Ethiopia’s capital city is dark and frightening. Upon arrival, my friend (who was really just a recent acquaintance) drove me around with his companion. There were no streetlights and everything was completely dark. I felt as if we were in a scene from a zombie movie–soulless corpses to demolish us at any moment–while riding in a stage coach in 19th century Montana, the roads were so bad. As we were perilously bumping along the poorly constructed, run-down streets I wondered if I’d ever find my way to a hotel. In my jet-lagged state, I can say that I was honestly frightened.
Before arriving in Ethiopia, I explored a little of Istanbul during my nine-hour layover in Turkey. It was there that I happened to meet the man who helped me set up a ride and a hotel room in Addis Ababa, the capital city of Ethiopia, where I was set to arrive the next day. It’s a good thing he did. We arrived late on a Saturday night and vacant hotel rooms were scarce. (Saturdays in Ethiopia, apparently, are popular for “secret lovers.”) Needless to say, I would have had a difficult time finding a place to sleep. But I woke up the next morning in a pleasant enough room. The city was very different from what I had imagined, it was very cold and wet. Small children rolled around the muddy streets, growling at me. During those first few hours it was difficult to convince myself that somehow this country produces such fantastic coffee.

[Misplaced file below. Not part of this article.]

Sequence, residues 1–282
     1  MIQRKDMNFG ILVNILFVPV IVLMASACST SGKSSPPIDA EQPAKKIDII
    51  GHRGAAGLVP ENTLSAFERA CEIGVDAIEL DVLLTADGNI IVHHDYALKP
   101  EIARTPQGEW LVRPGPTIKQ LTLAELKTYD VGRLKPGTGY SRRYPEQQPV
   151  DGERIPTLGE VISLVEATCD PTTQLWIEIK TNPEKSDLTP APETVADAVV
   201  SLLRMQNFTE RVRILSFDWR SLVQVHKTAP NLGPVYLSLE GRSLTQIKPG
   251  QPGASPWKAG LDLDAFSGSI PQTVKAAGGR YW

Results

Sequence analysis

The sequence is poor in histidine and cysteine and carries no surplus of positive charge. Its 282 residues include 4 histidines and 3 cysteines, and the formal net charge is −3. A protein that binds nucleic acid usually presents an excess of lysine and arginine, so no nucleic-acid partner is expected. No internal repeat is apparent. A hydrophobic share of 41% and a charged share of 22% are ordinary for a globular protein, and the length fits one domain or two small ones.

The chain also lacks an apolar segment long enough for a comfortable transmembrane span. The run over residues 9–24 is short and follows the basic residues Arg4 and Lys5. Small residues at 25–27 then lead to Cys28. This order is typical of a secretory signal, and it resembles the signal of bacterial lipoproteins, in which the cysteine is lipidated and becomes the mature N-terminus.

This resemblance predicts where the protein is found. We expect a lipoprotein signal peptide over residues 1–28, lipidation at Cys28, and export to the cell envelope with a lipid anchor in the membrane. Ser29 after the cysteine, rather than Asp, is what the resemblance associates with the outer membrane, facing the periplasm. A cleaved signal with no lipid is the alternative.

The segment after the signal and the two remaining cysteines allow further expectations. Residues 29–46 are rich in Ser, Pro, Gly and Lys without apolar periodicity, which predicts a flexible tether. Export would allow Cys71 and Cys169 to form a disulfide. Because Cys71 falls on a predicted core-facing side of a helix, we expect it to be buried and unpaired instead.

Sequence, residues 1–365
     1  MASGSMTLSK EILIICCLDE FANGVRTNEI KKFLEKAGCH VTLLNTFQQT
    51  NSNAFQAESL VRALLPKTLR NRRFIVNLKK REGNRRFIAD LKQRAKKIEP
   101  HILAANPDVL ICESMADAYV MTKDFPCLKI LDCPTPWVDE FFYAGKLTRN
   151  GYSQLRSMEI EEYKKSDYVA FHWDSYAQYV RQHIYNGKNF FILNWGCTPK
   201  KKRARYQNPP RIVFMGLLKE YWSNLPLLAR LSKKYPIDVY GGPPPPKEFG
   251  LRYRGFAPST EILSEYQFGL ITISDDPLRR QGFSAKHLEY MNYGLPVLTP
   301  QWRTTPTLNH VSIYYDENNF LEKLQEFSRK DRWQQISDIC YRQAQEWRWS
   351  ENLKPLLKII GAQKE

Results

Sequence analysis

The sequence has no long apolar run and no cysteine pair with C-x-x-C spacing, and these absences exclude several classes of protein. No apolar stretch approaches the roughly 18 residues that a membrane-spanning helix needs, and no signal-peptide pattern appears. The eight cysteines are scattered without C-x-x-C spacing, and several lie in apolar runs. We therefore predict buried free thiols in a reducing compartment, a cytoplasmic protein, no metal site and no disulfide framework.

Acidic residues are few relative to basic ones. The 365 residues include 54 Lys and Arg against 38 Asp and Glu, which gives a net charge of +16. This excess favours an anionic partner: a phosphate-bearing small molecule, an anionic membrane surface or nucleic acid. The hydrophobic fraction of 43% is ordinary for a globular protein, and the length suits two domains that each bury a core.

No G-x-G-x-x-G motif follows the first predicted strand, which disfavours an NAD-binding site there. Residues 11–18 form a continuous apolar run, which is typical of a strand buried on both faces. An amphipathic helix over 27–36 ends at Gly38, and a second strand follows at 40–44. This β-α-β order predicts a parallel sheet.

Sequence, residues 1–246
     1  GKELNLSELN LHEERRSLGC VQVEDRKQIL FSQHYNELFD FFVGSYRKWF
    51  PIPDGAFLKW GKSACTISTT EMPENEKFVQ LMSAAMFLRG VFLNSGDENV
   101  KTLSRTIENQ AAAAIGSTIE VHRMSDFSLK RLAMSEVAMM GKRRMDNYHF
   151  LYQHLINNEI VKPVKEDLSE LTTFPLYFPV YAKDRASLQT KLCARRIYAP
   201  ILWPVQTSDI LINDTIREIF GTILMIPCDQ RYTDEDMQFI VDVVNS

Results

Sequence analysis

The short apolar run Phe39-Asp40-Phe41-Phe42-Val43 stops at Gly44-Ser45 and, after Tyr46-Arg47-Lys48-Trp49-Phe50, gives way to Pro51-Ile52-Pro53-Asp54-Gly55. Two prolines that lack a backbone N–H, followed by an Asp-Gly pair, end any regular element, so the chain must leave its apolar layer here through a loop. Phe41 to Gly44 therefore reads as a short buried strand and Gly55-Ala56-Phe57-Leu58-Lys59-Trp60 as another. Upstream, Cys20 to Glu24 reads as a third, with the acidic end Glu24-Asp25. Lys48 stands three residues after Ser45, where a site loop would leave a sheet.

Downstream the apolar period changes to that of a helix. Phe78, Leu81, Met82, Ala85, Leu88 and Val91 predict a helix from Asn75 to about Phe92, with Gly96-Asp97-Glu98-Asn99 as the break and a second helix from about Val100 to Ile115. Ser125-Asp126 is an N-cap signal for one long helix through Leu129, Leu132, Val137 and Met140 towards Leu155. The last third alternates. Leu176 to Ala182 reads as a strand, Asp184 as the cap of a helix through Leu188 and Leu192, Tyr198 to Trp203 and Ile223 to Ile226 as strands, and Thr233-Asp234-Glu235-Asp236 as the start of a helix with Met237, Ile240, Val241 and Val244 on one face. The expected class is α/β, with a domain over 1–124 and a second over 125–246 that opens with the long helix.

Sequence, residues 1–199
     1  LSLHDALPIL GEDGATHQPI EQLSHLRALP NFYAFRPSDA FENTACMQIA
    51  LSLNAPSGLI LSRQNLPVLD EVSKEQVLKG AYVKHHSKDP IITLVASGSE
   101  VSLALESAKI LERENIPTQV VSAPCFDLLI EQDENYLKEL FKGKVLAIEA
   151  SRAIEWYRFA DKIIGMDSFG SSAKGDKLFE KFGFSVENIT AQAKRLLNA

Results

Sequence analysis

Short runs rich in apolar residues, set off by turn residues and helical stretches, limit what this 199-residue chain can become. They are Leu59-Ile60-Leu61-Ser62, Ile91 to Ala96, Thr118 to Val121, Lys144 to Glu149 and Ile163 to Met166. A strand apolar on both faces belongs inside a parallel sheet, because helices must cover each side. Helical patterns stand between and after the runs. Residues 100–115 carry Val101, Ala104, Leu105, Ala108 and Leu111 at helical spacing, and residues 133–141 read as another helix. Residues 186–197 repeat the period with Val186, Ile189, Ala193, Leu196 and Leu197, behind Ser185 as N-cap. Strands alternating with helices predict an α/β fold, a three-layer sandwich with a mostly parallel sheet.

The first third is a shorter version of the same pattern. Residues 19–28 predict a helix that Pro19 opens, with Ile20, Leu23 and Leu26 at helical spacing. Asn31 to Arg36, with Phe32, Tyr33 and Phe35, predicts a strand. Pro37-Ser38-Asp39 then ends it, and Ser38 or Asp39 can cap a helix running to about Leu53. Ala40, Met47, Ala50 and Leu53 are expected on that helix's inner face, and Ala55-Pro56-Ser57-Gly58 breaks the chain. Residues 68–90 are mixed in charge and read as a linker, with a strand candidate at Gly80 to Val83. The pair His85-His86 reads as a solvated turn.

I stumbled into a coffee house, though, and a woman lit incense as I sat down. A little girl was playing at the entrance. She was very cute, but when I tried to take a photograph of her she ran screaming into the busy street. For the rest of the trip I more careful not to offend anyone else in this way. The woman began pan-roasting beans as I sat down, and filled the entire room with smoke. She then beat those beans into a powder that she brewed into fresh coffee. As she served me, coffee spilled onto the table. All of a sudden I felt comfortable and warm, and happy to be there. This scene repeated itself several times daily for the remainder of my stay.